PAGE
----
When cable television created an entire channel devoted to food in the 1990s it seemed almost absurd. Who wants to watch someone else cook day in and day out? As it turns out, people ate it up. Today, there is a virtual food entertainment empire. From prime-time cooking competitions to top-selling cookbooks authored by food bloggers, there is hardly a medium that doesn’t include beautifully prepared foods designed to whet your appetite. One scroll through your Instagram feed, and you’re bound to see some #foodporn.
For a home cook this translates into a wealth of inspiration -- whether you’re looking for new twists on old classics (quinoa meatloaf anyone?) or healthier meal plans, there is no shortage of inspiration at your fingertips. But it just so happens happens that this abundance of delectable food entertainment can be a full-blown obsession. In our quest to follow the ubiquitous healthy eating trends, are we instead creating just another bad habit?
Katie Friedlander is a Runwell ambassador who struggled food addiction, but she didn’t know it until she was in her 30s. “I think that obsession is a huge part of addiction. People can obsess about things, but my experience with being an addict is that the obsession never goes away. It’s constant,” she says.
Food obsession can become quite a serious health issue. If someone frequently turns to food for comfort and develops cravings for unhealthy treats, then over time these behaviors can be classified as food addiction. On the other hand, if someone focuses on healthy eating to an extreme, this can become a condition known as orthorexia nervosa.
Like the more well-known anorexia and bulimia, orthorexia is brought on by a fixation on food in relation to an ideal. It can have serious health implications in that specialized diets (gluten free, paleo, plant-based, vegan) are not right for everyone. (There is a reason that commercially marketed diet and weight loss programs recommend consulting your physician.) There are also psychological, social, and quality of life issues that are affected by an obsession with healthy eating. If you gain more joy from thinking about the foods you will prepare than the meal itself and who you share it with, is that better for you than the weight you would otherwise gain on a mainstream meal?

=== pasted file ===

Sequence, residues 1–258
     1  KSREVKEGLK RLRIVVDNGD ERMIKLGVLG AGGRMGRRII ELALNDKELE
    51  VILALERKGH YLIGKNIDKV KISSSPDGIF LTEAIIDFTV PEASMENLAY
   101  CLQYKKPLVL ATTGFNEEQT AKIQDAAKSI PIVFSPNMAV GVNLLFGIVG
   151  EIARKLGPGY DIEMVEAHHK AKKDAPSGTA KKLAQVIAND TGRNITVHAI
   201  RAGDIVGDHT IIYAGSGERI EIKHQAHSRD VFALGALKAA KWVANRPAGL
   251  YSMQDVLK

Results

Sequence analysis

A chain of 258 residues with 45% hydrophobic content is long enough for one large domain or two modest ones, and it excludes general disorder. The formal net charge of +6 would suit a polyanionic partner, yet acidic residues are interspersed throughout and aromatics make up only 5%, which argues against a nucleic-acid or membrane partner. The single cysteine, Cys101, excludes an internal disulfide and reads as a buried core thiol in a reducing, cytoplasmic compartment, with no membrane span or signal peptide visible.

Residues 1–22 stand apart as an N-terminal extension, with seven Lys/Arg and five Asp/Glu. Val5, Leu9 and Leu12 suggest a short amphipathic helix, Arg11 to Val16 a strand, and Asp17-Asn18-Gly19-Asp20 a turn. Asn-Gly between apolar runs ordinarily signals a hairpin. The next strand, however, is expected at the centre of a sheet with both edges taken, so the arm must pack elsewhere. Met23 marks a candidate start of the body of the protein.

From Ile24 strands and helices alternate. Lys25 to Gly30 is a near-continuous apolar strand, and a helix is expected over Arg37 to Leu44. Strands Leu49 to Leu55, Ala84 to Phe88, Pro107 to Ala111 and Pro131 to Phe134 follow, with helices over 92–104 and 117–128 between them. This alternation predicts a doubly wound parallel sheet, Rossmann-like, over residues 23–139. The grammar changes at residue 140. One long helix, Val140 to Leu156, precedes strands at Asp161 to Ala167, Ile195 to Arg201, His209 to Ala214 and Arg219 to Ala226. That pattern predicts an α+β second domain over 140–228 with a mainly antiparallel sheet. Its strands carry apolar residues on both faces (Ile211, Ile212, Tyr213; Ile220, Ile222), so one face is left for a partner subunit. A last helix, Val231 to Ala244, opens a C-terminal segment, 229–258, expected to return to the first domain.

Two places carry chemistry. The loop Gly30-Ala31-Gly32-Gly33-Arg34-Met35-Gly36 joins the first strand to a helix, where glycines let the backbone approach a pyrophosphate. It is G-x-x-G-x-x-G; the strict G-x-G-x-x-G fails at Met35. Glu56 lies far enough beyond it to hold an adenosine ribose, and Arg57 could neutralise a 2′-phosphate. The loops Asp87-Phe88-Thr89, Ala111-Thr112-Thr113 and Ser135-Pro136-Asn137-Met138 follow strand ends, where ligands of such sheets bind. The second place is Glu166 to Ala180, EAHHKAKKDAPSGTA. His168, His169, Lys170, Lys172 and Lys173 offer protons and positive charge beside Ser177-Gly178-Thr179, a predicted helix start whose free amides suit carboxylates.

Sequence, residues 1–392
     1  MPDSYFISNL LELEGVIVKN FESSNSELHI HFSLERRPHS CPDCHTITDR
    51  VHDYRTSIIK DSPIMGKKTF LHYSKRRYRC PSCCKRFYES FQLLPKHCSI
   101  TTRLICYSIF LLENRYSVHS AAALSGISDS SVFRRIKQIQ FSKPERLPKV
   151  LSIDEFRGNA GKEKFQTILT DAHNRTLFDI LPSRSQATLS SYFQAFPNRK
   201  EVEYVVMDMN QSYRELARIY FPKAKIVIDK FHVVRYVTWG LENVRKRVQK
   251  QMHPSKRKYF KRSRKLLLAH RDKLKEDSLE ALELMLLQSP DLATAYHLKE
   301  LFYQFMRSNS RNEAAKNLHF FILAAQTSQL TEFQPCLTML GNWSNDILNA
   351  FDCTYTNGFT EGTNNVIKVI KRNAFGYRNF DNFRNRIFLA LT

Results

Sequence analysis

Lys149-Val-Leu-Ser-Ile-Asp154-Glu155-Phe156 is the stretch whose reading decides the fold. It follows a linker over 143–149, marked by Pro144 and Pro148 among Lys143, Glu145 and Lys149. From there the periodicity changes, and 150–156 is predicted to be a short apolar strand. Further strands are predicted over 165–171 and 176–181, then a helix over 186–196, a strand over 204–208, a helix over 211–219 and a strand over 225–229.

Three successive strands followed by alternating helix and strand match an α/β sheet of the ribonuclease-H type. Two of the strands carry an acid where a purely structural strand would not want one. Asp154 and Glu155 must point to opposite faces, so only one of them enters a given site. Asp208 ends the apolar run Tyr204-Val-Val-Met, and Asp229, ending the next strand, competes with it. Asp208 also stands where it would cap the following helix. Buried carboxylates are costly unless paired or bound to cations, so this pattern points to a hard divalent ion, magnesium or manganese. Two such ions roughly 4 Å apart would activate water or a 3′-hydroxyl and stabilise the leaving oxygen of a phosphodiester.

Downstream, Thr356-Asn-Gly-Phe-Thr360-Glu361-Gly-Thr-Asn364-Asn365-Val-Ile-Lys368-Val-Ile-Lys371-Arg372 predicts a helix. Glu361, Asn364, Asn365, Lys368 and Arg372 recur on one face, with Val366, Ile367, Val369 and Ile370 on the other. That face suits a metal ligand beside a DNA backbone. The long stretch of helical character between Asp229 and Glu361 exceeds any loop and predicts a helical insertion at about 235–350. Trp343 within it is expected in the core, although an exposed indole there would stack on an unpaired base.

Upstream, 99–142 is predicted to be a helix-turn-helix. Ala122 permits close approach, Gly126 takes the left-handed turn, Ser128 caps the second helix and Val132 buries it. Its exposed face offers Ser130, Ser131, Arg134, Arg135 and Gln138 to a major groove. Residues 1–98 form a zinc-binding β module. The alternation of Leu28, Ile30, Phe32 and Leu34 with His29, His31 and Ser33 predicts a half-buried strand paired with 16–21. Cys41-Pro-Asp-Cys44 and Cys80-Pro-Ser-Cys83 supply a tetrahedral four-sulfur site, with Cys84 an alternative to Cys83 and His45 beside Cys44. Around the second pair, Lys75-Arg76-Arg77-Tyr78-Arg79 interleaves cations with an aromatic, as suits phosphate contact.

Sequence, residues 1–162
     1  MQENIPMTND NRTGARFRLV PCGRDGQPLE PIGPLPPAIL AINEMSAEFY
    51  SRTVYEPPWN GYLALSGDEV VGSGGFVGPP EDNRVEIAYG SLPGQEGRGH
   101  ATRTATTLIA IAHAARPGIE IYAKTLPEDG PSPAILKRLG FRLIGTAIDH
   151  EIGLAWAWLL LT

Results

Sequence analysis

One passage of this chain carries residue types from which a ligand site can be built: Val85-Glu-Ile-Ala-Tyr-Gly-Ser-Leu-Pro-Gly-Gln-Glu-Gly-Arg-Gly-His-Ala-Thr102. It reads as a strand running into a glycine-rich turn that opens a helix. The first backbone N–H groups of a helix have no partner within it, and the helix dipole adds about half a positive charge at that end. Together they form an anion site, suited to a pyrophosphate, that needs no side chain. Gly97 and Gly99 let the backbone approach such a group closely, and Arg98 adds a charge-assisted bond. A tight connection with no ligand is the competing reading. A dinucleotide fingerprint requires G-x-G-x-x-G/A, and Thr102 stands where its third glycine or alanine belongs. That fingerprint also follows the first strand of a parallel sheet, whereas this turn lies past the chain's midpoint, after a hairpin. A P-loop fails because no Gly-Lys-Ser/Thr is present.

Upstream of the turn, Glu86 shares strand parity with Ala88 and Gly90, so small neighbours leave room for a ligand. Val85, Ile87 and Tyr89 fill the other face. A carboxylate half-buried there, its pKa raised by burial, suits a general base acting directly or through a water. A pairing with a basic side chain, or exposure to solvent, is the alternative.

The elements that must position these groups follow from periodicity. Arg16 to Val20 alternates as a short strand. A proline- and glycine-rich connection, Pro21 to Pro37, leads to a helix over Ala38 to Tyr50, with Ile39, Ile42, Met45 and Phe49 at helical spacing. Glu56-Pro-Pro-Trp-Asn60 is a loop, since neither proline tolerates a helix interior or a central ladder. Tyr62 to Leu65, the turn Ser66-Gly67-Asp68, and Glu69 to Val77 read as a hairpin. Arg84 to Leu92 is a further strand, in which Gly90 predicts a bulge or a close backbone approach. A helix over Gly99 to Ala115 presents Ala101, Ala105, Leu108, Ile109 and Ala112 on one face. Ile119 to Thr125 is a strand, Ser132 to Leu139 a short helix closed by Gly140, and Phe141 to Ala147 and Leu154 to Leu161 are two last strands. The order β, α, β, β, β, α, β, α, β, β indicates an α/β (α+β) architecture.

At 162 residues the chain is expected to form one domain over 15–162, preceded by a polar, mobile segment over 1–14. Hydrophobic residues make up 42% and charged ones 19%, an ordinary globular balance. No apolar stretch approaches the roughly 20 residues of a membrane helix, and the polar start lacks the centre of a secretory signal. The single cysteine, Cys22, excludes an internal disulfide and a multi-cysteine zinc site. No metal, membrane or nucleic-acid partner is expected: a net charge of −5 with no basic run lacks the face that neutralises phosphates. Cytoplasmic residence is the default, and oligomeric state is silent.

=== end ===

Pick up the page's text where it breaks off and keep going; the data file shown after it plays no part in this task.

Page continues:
Eating disorders are especially of concern for those recovering from substance abuse. Research suggests that nearly 50% of individuals with an eating disorder are also abusing drugs and/or alcohol. Conversely, substance abuse can develop before, during, or after treatment for an eating disorder. When food becomes a coping mechanism on the path to a healthy lifestyle, perhaps even a stand-in for drugs or alcohol, it can be just as detrimental.
Here are some questions* to consider if you feel food is consuming you, instead of the other way around:
· Do you ever simply eat and not worry about food quality?
· Do you ever wish you could spend less time on food and more time living?
· Can you eat a meal prepared with love by someone else – one single meal – and
not try to control what is served?
· Do you feel guilt or self-loathing when you stray from your diet?
· Do you feel in control when you stick to the “correct” diet?
· Have you put yourself on a nutritional pedestal and wonder how others can possibly eat the foods they eat?
*Based on a questionnaire from the National Eating Disorders Association (NEDA).
One coping mechanism for food addiction is distraction, and the same may be true for orthorexia. Instead of focusing on the grocery list, take up a new hobby. Try a new outdoor activity or pick up an adult coloring book. Keep your hands busy, your body active, and your mind will follow.
Second, invite friends over for a potluck dinner. This is a great way to try new foods and experience how those in your social circle eat. Not only will you make some great memories, but you can lighten up on your strict diet and assess how you feel afterward.
Finally, switch gears on the media you consume. It will be easier to focus on other interests if you aren’t binge watching Chopped or reading articles claiming chard is the new kale. As the old adage attests, “garbage in, garbage out” and this can apply to even the “healthiest” of food culture.